What a mistake that would have been. Now I know Glasgow is not just a stop on the way to somewhere else. It’s an unsung destination.
Describing Glasgow as a “gray, industrial city”no longer holds true. Today the home of famous shipbuilders is a robust center of finance, commerce and higher education.
Shiny, modern concert and convention centers designed by renowned architect Norman Foster stand on reclaimed land beside the River Clyde.
The huge convention center, shaped to represent ship hulls and built on land formerly called “the Queen’s dog,” is known by a new generation of Glaswegians as the “Armadillo.” A convention center, the “Hydro,” which accommodates 12,000 guests, opened with Glasgow’s own Rod Stewart. Interestingly, the structures are supported by pneumatic foam cushions. Rock on Glasgow!
One interesting tourist site is this bar. No women were allowed to enter until the 1970s. Since then, the owners have made a turnabout by establishing a rule that all managers are women.
The University of Glasgow, founded in 1493, is a shiny example of the city’s link to the old and the new.
The historic, vibrant campus is home to the Kelvingrove Art Gallery and Museum, reportedly the most visited attraction in Scotland.
Riding in the double-decker “hop on hop off” bus through Glasgow, I loved seeing so many beautiful parks and neighborhoods — like these formal white houses –straight out of “Upstairs Downstairs.”
Who knew that Glasgow has over 90 public gardens?
A stop at the Glasgow Cathedral was one of the highlights of my day. In addition to the weather being glorious to show off the church and its surroundings, there was an organ recital inside. Magnificent!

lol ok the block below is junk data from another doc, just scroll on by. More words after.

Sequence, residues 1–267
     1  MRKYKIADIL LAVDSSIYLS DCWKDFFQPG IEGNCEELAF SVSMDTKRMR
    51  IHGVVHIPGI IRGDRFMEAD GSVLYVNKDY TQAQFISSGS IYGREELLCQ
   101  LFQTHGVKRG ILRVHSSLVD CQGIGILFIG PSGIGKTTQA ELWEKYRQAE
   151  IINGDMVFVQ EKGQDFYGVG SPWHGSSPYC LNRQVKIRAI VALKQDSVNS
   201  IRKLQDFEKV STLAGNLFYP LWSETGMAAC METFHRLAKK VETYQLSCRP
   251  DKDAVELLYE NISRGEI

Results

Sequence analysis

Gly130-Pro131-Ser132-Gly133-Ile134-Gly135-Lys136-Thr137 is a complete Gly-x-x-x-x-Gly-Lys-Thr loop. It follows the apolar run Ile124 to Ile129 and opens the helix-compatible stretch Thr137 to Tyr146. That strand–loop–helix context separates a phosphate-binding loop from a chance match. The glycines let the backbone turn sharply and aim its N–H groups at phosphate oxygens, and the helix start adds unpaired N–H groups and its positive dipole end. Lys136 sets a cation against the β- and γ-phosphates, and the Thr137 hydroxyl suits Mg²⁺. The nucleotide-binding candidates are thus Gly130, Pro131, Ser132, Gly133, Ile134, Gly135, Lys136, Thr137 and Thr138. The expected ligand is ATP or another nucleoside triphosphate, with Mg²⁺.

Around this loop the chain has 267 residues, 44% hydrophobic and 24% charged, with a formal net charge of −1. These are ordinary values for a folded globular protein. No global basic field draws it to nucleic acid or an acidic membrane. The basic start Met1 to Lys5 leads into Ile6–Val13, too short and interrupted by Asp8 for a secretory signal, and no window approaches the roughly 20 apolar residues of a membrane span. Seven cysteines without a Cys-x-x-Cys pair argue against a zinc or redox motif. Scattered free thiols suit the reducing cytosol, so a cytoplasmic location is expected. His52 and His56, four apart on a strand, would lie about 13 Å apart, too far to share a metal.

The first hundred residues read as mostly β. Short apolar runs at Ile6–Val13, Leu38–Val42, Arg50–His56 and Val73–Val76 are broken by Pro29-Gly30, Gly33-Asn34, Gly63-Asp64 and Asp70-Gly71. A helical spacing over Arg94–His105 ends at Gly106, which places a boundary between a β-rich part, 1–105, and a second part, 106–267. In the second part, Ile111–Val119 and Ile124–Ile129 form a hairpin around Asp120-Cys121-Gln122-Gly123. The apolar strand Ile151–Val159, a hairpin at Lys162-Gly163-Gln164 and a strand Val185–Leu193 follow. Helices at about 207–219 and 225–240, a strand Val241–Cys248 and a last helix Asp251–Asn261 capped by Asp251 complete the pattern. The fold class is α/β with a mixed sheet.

Down the road a bit from the Cathedral is the Necropolis where Glasgow’s famous sons and daughters rest in peace on the hilltop overlooking the city.
Let me not forget the beer garden that’s in the neighbourhood of the Cathedral. Nothing like a cold pint on a hot summer day.
To shop ’til you drop’, Glasgow’s downtown fashion districts include a massive, glass-topped mall, as well as the stylish Buchanan Street, Argyle Street and Merchant City.
Glasgow memorialises its ship-building past with the Riverside Museum — a “must see” stop on a tour of the city. The modern structure on the Clyde River, built on the site of the former shipyard, has a “transportation” theme that includes early versions of cars, trains, bicycles, motorcycles and 19th century street scene — complete with furnished shops you can walk through and cobblestone streets. The Tall Ship, Glenlee, is anchored to the outside dock. The Glenlee is the UK’s only floating Clyde-built sailing ship. Along the tour I was greeted by a museum docent who was proud to tell me about the Rolls Royce on display. It seems the red “RR” on the museum car tells a story. Apparently during the lifetime of the Henry Ross, inventor of the luxury brand of cars, the insignia on the front of each car had a distinctive red “RR.” Later, after the death of Mr. Ross, the Rolls Royce cars bore a black “RR” in his honour.
The day I visited the Glenlee the ship was held hostage by a band of curious pirates.
After a long day I made my way back on the Hop On bus, past the “Squinty Bridge” – formerly known as the Clyde Arc.”
Would I return to Glasgow? You betcha! There are so many more places to see and explore. The city is alive and active with everything that is modern … and just enough to remind me this is Scotland — a “full” breakfast — a flashback to the past — and their own language.
Thank you, Glasgow for a beautiful and memorable day!
Categories: Around France